Councilor David Meller, a cabinet member of the Stockport Council for the Economy, announced the new rules this morning (Friday), blaming the changes on rising infection rates.
This means that the borough is no longer subject to the same restrictions as the rest of the country and will instead be subject to specialized local rules.
Councilor Meller said the rule changes would go into effect tomorrow (Saturday), although this has yet to be confirmed by the government.
Stockport was subject to the same rules as Greater Manchester on July 30, but local leaders were successful in pushing for the city to be removed from the restrictions because at the time the infection rate was much lower than others boroughs.
But the number of positive tests has grown rapidly in recent weeks, and there have been more than 100 new infections per 100,000 residents in the borough in the past week.
In a Facebook post, Councilor Meller said: “Some bad news, I’m afraid.
“Stockport will be subject to additional COVID restrictions in addition to those announced earlier this week. These will be from tomorrow, time to be confirmed. ”
He explained that the city’s infection rate of 71.2 new cases per 100,000 population is still below the regional average, but is now well above the England average.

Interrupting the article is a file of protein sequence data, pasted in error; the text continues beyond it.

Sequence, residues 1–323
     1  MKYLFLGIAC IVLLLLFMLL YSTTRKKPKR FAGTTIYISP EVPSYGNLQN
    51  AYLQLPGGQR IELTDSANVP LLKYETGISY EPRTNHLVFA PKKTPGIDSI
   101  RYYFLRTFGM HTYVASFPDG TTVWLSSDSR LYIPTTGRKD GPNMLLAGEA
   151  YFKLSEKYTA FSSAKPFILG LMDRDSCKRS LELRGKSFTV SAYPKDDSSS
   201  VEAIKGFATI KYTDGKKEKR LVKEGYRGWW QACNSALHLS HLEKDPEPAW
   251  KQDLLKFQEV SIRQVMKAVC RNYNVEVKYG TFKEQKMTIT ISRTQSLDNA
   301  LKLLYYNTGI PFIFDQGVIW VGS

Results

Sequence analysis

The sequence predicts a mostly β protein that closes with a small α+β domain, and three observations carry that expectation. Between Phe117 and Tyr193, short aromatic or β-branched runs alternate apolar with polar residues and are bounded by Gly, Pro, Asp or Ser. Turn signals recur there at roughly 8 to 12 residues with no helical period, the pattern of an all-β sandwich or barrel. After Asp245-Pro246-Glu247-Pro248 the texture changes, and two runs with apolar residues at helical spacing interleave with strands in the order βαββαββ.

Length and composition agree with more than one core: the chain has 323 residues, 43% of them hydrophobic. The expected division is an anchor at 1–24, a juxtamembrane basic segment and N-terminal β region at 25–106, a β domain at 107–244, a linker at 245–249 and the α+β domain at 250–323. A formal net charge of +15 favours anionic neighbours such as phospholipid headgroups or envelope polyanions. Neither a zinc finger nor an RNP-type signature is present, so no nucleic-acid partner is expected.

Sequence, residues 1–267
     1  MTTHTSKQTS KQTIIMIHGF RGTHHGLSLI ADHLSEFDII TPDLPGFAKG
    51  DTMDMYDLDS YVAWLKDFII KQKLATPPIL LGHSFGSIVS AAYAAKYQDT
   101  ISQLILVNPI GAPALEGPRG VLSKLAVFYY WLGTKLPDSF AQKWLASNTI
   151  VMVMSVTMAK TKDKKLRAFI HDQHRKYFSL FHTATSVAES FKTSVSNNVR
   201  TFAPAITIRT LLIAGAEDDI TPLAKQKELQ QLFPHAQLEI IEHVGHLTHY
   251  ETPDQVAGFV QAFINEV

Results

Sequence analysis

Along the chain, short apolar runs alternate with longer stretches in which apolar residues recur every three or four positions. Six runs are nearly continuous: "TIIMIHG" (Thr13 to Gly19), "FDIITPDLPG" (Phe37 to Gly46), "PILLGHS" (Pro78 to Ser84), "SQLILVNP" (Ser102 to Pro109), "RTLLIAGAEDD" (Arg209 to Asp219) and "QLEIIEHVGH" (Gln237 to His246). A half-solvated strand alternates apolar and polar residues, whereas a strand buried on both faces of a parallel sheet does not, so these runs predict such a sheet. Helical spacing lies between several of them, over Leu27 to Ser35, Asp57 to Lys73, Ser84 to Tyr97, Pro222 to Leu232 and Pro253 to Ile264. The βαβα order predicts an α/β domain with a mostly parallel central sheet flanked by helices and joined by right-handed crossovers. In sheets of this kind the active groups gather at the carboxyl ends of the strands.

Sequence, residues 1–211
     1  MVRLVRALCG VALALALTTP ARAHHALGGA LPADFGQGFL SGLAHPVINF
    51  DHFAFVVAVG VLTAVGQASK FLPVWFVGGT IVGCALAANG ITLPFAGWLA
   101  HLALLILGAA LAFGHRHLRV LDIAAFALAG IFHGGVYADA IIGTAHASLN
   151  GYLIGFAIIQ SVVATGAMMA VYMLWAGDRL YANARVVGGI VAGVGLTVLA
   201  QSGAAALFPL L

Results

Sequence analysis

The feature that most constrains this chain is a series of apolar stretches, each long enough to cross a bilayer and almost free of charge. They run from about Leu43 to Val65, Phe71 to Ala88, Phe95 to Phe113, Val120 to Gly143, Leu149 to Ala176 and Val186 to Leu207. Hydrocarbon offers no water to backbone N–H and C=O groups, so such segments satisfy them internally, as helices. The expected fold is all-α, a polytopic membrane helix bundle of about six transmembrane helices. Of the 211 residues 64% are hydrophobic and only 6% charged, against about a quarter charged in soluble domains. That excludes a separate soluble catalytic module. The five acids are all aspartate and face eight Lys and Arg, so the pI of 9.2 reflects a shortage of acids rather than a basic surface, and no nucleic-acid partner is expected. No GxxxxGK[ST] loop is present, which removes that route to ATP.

Stockport Council and Tory Borough MPs had opposed the move, saying the Borough should remain under new national measures announced by Boris Johnson earlier this week.
Hazel Grove MP William Wragg said: “I have supported Stockport council by allowing time for new national measures. I hope these measures will be with us for as short a period as possible, as I am deeply concerned about their impact on people’s livelihoods and family responsibilities. ”
The new rules mean:
- You should not host people you do not live with in your home or garden or meet them in their homes or gardens, unless you are in a supportive bubble.
- Some people can still visit your home, but only under these specific circumstances.
- Nightclubs and dance halls remain closed.
- You shouldn’t socialize with someone from another household in any public place, including pubs, bars, or restaurants, unless they are in your supportive bubble.
- You should not visit friends or family in nursing homes, except in exceptional circumstances.
- You should wear a mask on public transport and avoid car travel with people from another household when possible.
Other rules remain the same as the rest of the country, including restrictions on pubs and restaurants to offer table service only and close at 10 p.m.
To check the rules or see if you fall under an exception, visit the government website